Mr Barosso calls for EU wide banking supervision, together with a deposit insurance scheme in the EZ. He has also proposed “stability bonds”, code name for Euro Bonds, to be introduced in stages, subject to EZ countries handing over budget responsibilities to a central organisation, to enforce discipline – a key German demand. The current situation is untenable and some movement from Germany is necessary, which I believe will come. Will it be enough, who knows, but Germany will have to move. The current situation is unsustainable;

Whilst a number of European banks are insolvent, the financial sector has been hammered to a level which has resulted in some very interesting opportunities;

 

EZ flash HICP fell to 2.4% YoY in May, from 2.6% in April and lower than the 2.5% forecast – I must admit I had expected an even lower number. Core inflation remained unchanged at 1.6% in April. However, the lower (and likely even lower in coming months) inflation will allow the ECB to ease monetary policy (interest rate cuts?), in the next few months or sometime this year at the latest;

 

133k jobs were created in May, according to the ADP employment report, lower than the 150k expected, though higher than the downwardly revised 113k (+119k previously) in April. Tomorrow’s NFP numbers are far more important;

 

US 1st Q GDP was revised lower to +1.9%, from +2.2% previously, though in line with expectations. The GDP deflator came in at +1.7%, higher than the +1.5% expected. Final sales were better at +1.7%, as opposed to +1.5% previously. Corporate profits grew at the slowest pace in 3 years, increasing by just +0.6%, Q/Q, the lowest rise since the decline in the 4th Q of 2008 and well below the +6.5% reported in the same period in 2011. Business investment was lower, at +1.9%, from +2.1% previously. State and local government spending declined by -2.5% on an annual basis, more than double the -1.2% previously reported. Inventory build was lower (just +0.2%, from +0.6% previously) suggesting a pick up (positive) in the 2nd Q. Wages and salaries rose by US$28.9bn in the 4th Q 2011, less than the US$89.1bn previously reported, which resulted in the savings rate declining to 4.2% – worrying. Overall, the view that the US is immune to the problems in the EZ is ludicrous;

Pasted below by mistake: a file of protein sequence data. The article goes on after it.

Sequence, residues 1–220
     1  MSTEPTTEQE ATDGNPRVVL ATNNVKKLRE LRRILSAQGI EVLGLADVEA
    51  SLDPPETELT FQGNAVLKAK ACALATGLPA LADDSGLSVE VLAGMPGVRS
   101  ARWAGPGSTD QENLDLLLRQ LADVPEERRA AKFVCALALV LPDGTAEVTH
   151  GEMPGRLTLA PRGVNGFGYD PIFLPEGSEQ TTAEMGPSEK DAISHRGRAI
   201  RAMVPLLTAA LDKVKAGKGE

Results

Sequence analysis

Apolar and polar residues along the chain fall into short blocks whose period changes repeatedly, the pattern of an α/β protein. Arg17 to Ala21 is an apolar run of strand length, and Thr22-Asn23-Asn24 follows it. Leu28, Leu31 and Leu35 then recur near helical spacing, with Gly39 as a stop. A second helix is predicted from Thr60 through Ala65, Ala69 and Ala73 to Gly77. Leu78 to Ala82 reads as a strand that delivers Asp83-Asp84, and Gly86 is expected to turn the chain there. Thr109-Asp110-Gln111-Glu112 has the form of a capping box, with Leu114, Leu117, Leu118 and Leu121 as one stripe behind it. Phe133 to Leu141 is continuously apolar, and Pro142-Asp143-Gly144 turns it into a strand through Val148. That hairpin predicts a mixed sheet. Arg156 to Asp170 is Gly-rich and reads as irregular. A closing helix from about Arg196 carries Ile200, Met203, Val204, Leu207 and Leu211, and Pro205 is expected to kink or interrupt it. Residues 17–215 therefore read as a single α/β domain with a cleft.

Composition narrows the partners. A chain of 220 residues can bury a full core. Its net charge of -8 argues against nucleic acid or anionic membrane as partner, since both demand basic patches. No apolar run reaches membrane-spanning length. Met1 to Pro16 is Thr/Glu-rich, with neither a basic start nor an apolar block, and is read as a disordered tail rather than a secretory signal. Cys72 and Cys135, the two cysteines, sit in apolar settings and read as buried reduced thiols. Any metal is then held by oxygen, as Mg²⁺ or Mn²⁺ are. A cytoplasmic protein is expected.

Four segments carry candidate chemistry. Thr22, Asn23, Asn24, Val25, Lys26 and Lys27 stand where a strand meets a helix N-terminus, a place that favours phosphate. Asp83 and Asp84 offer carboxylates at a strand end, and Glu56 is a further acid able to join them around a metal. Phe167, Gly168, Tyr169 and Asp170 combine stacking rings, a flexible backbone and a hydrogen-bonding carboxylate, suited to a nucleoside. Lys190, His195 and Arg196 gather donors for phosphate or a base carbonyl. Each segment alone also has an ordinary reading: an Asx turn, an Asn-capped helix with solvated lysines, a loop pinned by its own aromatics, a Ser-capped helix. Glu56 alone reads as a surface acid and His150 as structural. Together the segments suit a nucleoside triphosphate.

US weekly jobless claims rose by 10k to 383k, higher than the forecast of 370k;

 

The Brazilian Central Bank cut its benchmark lending rate by 50bps to 8.5%, a historic low and well below the high of 12.5% last August. The Central Bank claimed that inflation threats were receding and that a global slowdown was posing risks to the country. It is clear that the authorities are far more concerned about growth, rather than inflation and, as a result, suggests that interest rates will be cut again in coming months. The Real should weaken even more. However, is inflation really contained?;

 

Outlook

 

Asian markets closed lower, though European markets are modestly higher, even Spain !!! US futures suggest a flat to lower opening.

 

The Euro is hovering around US$1.24, with Brent around US$103.45.

 

The crisis in the EZ continues though, whilst I cant put my finger on it, I sense some movement. Will it be enough – history suggests that it will not be. However, with expectations at rock bottom, any positive news is likely to result in a sharp rally. Personally, I believe that it is now dangerous (on a risk/reward basis) to be short. A number of EZ financials are certainly insolvent, but there are (at least) some which are not. The number of bearish (verging on the hysterical)  views out there suggests we may well be close to a bottom.

 

German 10 year bunds at around 1.30% (and for that matter US and UK bonds) are really at ludicrous levels and certainly unsupportable in the medium term in my humble view. Looks like a sector to watch (with a view to short) very carefully indeed.

 

US data suggests a slowing economy, but the NFP data, to be released tomorrow, is far more important – suggests downside risk to the 160k forecast. US businesses are clearly being very cautious in respect of hiring.

 

Kiron Sarkar

 

31st May 2012

 

 

Print Friendly, PDF & Email

What's been said:

Discussions found on the web:

Read this next.

Posted Under

Uncategorized